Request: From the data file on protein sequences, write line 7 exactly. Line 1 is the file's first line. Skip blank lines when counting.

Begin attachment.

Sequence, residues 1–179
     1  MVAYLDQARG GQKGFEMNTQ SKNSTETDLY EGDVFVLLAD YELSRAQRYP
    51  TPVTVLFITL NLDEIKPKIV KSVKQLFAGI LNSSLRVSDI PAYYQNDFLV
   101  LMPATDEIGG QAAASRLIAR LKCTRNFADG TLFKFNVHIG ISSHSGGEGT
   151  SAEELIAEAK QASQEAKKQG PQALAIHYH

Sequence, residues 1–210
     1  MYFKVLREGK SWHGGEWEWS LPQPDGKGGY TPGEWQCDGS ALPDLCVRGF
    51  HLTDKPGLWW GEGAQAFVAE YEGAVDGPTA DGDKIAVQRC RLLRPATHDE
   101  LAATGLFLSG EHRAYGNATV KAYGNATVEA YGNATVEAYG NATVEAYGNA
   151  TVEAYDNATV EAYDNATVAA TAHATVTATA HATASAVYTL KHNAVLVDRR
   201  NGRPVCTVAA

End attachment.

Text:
     1  MYFKVLREGK SWHGGEWEWS LPQPDGKGGY TPGEWQCDGS ALPDLCVRGF